The Pacers are limited by the fact they are a below-average rebounding team, which limits their opportunities for easy transition baskets or putbacks. They also want to explore mismatches after opponents switch on defense, and that can take time. Too much time, sometimes.

"I've just got to have more awareness," point guard Darren Collison said. "Who's not switching, who's switching. We tend to move the ball a little too much against switches and then we're going against the shot clock."

In other words, patience can be a bad thing, too.

Domantas Sabonis

Photo Credit: NBAE/Getty Images

But a good thing is that one of the answers to many of the issues that caused the Pacers to lose five of their previous seven games has returned: Domantas Sabonis played in Philadelphia after missing the five previous games because of a sprained ankle. The rust was obvious. He hit just 1-of-7 field goal attempts and 7-of-12 free throws and committed five turnovers, but the return of the team's best rebounder and 60 percent field goal shooter who also happens to be one of its best passers can't hurt.

Sabonis' play on Sunday was affected by his foul trouble, which forced him to play in shorter bursts than intended and caused his ankle to tighten up each time he returned to the bench. His left ankle was sore when he woke up Monday morning, but he said he expects to feel better on Tuesday.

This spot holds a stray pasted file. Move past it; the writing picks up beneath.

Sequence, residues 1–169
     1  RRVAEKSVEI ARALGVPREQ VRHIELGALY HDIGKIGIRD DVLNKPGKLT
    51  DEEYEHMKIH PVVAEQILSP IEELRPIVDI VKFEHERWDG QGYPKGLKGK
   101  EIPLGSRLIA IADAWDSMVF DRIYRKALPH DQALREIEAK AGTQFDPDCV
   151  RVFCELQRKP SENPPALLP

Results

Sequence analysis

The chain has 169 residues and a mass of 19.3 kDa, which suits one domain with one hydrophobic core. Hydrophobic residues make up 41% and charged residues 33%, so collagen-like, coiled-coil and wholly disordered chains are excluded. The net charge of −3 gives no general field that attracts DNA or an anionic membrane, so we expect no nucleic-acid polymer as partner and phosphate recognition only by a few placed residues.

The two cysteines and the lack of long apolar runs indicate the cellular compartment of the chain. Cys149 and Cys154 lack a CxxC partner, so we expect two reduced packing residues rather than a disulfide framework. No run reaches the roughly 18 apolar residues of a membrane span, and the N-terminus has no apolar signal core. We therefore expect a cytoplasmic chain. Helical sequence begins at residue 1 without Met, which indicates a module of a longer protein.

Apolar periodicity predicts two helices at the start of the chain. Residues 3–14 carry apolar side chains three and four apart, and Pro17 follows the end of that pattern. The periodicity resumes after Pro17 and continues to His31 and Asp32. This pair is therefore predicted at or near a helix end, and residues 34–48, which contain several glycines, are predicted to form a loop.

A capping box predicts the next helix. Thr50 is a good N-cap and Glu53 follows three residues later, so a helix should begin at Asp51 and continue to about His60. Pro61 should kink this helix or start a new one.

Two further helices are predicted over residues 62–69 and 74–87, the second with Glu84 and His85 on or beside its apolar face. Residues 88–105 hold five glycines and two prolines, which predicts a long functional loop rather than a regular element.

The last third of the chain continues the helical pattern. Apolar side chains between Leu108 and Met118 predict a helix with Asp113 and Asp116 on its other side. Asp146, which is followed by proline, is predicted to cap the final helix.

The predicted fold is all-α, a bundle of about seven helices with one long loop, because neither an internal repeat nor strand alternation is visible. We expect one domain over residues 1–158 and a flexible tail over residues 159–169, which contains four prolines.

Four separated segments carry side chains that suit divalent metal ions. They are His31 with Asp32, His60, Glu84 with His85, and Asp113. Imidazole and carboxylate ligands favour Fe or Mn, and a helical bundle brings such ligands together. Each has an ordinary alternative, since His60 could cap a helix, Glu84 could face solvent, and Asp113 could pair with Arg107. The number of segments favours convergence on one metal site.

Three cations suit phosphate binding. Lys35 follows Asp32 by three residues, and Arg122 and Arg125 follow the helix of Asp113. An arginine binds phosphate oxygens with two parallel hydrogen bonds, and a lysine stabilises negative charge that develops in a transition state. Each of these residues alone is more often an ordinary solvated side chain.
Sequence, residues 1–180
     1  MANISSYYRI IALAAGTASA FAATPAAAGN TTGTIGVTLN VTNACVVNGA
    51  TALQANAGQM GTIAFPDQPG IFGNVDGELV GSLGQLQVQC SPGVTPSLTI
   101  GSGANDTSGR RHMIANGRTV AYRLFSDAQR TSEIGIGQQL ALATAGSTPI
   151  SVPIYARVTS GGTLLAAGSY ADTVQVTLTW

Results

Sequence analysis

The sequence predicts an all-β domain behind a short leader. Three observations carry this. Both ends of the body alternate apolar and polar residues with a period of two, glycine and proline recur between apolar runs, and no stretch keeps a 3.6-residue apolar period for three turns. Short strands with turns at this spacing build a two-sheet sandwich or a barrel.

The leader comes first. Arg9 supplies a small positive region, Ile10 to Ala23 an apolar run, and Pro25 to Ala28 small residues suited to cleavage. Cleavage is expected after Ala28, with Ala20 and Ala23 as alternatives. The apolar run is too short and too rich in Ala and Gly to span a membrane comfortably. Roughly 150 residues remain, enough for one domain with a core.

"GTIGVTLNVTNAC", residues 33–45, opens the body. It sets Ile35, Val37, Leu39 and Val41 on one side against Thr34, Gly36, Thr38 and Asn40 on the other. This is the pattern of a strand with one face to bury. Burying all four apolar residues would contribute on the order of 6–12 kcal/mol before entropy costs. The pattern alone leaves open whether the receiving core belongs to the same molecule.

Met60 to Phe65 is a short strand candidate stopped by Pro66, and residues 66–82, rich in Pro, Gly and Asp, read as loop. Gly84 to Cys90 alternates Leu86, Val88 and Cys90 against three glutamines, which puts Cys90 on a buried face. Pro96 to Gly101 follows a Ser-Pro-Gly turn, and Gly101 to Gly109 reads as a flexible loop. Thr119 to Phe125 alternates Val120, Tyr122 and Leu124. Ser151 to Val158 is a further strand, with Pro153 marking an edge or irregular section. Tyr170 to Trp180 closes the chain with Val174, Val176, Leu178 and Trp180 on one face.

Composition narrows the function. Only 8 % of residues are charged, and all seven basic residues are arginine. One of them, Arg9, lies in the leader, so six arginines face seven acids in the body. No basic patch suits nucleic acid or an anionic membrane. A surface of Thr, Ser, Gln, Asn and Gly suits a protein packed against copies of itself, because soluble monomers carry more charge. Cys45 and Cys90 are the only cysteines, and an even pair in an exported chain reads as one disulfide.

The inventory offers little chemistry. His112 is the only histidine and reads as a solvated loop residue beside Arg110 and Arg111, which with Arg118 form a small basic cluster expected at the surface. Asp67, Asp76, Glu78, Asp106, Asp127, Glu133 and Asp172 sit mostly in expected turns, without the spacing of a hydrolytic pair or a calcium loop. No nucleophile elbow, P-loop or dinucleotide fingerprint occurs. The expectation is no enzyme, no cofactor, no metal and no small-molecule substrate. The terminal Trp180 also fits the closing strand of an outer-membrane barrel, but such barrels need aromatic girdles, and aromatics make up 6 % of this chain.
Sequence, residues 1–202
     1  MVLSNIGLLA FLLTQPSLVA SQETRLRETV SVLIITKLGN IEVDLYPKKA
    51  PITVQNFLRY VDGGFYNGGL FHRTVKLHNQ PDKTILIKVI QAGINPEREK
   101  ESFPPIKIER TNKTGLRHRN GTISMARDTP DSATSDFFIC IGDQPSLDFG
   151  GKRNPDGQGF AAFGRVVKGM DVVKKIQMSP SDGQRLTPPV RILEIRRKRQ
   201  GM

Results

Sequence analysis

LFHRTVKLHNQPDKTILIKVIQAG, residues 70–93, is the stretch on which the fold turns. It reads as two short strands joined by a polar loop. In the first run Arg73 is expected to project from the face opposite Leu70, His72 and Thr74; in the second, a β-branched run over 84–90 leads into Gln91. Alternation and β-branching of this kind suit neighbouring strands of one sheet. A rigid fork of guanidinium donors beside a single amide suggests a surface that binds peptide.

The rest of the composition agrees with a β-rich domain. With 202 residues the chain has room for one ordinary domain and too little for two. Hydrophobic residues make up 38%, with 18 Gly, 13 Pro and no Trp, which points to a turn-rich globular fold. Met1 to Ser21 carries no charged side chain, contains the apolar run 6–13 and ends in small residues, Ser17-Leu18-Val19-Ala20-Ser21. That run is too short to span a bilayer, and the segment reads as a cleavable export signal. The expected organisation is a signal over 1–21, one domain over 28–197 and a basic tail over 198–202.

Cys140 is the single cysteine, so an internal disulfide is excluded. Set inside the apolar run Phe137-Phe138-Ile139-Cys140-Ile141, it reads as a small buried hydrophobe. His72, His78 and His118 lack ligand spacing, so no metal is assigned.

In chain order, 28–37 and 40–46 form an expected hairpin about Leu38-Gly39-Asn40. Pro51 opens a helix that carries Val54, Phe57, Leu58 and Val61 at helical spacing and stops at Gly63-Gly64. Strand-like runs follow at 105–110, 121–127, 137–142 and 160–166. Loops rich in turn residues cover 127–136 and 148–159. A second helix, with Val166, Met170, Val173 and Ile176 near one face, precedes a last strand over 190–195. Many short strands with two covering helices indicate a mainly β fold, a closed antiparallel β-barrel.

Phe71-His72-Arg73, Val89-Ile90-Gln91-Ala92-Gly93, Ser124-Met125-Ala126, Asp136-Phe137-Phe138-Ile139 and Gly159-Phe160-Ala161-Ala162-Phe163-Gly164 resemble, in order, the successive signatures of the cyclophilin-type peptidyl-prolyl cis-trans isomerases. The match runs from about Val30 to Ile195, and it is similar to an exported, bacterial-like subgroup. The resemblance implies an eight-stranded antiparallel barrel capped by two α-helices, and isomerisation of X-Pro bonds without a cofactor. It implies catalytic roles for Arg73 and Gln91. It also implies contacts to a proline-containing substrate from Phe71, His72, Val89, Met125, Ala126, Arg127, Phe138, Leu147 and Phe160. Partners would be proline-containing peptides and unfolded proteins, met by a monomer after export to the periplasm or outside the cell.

If he does, the Pacers likely will look better. But only if they walk the right side of the fine lines in their offense between shot selection and pace of play.

"The main thing is looking for each other," Sabonis said. "We have to go out there and look for each other and not think about yourself. We do that every single game, but sometimes when the game is on the line we get away from that. It's normal; everybody wants to win. We just have to get back to playing how we used to."

The 19-point loss to Milwaukee and the 17-point loss to Philadelphia could have been demoralizing for the Pacers. Those two games were the first of a challenging stretch of schedule that threatens their hold on homecourt advantage for the opening round of the playoffs, and the nationally-televised results were eye-openers.

They were decidedly upbeat following their video session and conversation with the coaches on Monday, however.

"We didn't play well enough to win," McMillan said. "But just as we've done all season long, you get yourself ready for the next game. You never get too high and you try not to get too low when you've lost a game."

And learn from it, if you can.

"This is only going to make us better," Collison said. "It's good for us to experience this right now before the playoffs."

Have a question for Mark? Want it to be on Email him at and you could be featured in his next mailbag.

Mark Montieth's book on the formation and groundbreaking seasons of the Pacers, "Reborn: The Pacers and the Return of Pro Basketball to Indianapolis," is available in bookstores throughout Indiana and on

Note: The contents of this page have not been reviewed or endorsed by the Indiana Pacers. All opinions expressed by Mark Montieth are solely his own and do not reflect the opinions of the Indiana Pacers, their partners, or sponsors.